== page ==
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Friday, March 7, 2014

Friday of the First Week of Lent

Life is not always peaceful for so many. I was thinking of this coming Sunday's Gospel when Jesus is tempted. I suspect that Jesus told his apostles about the temptations to show us that this is part of our life but being tempted is not the same as giving in to the temptation. We always have the grace to resist, if we want it. Lent is a time to help us to reflect on the way temptation comes to us and to ask for the strength to resist. If we have made good resolutions, we are no doubt struggling to keep them. I think the need for prayer is evident- "pray that you do not enter into temptation" is one of those sayings impressed on me and I guess I am now reflecting on how I am tempted. Each one has her or his weak points and that is just where we are tempted.
Looking at the temptations of Jesus we see that He was tempted first with material things, comfort, and then vainglory and finally pride. What are my weakest points?

Here is something helpful from Thomas Merton for Lent:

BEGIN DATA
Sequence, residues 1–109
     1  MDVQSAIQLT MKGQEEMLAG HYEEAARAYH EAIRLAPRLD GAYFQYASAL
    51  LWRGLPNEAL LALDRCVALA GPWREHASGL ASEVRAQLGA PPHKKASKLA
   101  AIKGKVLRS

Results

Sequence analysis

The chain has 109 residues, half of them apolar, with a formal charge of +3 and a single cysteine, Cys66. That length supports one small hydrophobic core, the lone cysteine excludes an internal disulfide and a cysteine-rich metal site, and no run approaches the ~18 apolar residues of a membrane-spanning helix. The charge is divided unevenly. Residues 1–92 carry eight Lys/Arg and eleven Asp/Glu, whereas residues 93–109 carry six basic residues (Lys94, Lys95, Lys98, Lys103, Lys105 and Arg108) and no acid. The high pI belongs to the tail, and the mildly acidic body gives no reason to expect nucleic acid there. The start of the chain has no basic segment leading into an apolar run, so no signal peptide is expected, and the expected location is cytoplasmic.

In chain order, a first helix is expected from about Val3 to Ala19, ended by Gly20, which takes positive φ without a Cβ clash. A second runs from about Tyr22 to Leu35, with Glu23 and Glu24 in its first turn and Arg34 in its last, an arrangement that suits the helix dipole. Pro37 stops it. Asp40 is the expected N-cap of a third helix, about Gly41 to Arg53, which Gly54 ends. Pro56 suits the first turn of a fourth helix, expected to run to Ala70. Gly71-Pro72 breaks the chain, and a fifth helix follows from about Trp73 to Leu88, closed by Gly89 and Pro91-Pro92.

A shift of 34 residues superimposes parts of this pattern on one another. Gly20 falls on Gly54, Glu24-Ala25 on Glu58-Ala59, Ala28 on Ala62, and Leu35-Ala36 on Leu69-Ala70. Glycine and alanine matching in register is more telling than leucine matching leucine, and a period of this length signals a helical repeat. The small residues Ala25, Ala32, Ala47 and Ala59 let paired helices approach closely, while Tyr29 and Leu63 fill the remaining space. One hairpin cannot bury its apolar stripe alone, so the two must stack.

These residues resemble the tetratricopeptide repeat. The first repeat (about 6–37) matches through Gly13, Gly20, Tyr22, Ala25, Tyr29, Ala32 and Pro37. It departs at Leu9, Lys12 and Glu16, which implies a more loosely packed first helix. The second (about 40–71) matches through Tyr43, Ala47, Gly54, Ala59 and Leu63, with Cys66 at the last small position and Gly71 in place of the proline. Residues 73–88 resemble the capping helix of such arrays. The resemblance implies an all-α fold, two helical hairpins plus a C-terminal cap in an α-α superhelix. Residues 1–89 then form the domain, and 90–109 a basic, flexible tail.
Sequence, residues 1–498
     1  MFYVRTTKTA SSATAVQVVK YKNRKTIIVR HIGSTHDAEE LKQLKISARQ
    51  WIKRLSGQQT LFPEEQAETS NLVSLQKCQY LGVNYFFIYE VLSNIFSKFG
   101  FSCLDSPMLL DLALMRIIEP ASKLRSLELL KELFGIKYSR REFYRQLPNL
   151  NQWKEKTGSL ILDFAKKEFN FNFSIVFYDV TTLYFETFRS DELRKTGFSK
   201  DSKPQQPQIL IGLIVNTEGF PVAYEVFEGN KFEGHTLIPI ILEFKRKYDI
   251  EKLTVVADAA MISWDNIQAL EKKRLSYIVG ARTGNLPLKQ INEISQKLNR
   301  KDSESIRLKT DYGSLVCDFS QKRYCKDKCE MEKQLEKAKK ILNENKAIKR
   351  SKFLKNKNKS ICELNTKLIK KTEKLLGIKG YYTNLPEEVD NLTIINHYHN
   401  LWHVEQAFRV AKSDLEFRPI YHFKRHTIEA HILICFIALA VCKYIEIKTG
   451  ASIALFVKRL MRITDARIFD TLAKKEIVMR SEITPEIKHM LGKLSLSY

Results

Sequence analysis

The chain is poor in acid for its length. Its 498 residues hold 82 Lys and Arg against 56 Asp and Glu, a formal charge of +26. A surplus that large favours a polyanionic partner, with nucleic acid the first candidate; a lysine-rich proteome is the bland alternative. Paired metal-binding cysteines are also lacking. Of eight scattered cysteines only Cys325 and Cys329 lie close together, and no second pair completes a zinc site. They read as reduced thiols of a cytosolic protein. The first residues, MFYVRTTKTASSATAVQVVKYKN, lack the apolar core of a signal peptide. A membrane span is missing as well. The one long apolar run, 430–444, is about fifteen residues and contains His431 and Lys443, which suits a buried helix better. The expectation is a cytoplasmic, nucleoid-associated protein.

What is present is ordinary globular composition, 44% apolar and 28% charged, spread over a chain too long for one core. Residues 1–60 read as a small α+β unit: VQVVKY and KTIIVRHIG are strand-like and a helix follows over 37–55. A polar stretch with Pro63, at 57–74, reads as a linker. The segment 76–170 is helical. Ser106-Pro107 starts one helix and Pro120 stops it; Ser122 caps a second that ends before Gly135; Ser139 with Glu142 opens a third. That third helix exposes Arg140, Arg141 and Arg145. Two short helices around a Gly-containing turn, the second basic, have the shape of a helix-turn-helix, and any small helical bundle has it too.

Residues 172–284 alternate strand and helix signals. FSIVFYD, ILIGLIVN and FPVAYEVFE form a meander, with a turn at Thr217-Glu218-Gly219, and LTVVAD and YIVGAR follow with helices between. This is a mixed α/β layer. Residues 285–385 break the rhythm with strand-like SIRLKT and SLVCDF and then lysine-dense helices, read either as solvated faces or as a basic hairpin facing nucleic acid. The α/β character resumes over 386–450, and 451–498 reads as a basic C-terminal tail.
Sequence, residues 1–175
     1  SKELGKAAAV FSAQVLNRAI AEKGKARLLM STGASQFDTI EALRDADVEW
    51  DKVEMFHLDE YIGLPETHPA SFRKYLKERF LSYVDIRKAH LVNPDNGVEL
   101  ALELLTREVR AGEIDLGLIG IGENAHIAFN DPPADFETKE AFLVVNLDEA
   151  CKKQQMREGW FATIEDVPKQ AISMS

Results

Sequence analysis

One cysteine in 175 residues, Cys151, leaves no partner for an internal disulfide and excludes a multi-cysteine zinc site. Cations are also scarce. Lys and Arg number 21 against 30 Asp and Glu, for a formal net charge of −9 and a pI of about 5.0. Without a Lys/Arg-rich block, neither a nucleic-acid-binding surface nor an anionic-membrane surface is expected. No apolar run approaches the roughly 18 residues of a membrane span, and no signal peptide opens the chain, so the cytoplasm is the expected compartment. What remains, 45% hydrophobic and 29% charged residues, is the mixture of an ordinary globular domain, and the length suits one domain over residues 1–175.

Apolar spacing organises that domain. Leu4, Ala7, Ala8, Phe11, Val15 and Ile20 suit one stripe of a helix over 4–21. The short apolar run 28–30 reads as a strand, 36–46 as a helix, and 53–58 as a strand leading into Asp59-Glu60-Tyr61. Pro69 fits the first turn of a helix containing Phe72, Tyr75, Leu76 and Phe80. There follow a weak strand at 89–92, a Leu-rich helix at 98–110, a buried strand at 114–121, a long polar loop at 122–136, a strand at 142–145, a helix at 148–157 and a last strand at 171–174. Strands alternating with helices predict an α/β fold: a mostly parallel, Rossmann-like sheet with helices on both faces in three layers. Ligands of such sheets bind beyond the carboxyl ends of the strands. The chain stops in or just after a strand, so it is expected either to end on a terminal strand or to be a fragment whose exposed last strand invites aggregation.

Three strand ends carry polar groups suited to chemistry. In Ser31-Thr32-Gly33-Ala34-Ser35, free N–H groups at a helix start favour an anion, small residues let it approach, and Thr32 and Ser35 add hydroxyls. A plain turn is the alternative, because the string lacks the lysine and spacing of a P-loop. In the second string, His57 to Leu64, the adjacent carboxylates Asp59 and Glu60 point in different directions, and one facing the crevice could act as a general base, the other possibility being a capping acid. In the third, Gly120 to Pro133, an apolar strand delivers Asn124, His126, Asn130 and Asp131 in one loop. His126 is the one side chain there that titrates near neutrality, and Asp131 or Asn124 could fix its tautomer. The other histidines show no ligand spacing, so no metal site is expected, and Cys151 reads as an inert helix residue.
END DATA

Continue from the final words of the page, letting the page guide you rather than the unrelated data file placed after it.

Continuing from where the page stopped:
"It is necessary that at the beginning of this fast, the Lord should show Himself to us in His mercy. The purpose of Lent is not only expiation, to satisfy the divine justice, but above all a preparation to rejoice in His love. And this preparation consists in receiving the gift of His mercy — a gift which we receive in so far as we open our hearts to it, casting out what cannot remain in the same room with mercy.
Now one of the things we must cast out first of all is fear. Fear narrows the little entrance of our heart. It shrinks up our capacity to love. It freezes up our power to give ourselves. If we were terrified of God as an inexorable judge, we would not confidently await His mercy, or approach Him trustfully in prayer. Our peace, our joy in Lent are a guarantee of grace.
In laying upon us the light cross of ashes, the Church desires to take off our shoulders all other heavy burdens — the crushing load of worry and obsessive guilt, the dead weight of our own self-love. We should not take upon ourselves a 'burden' of penance and stagger into Lent as if we were Atlas, carrying the whole world on his shoulders.
Perhaps there is a small likelihood of our doing so. But in any case, penance is conceived by the Church less as a burden than as a liberation. It is only a burden to those who take it up unwillingly. Love makes it light and happy. And that is another reason why Ash Wednesday is filled with the lightness of love."

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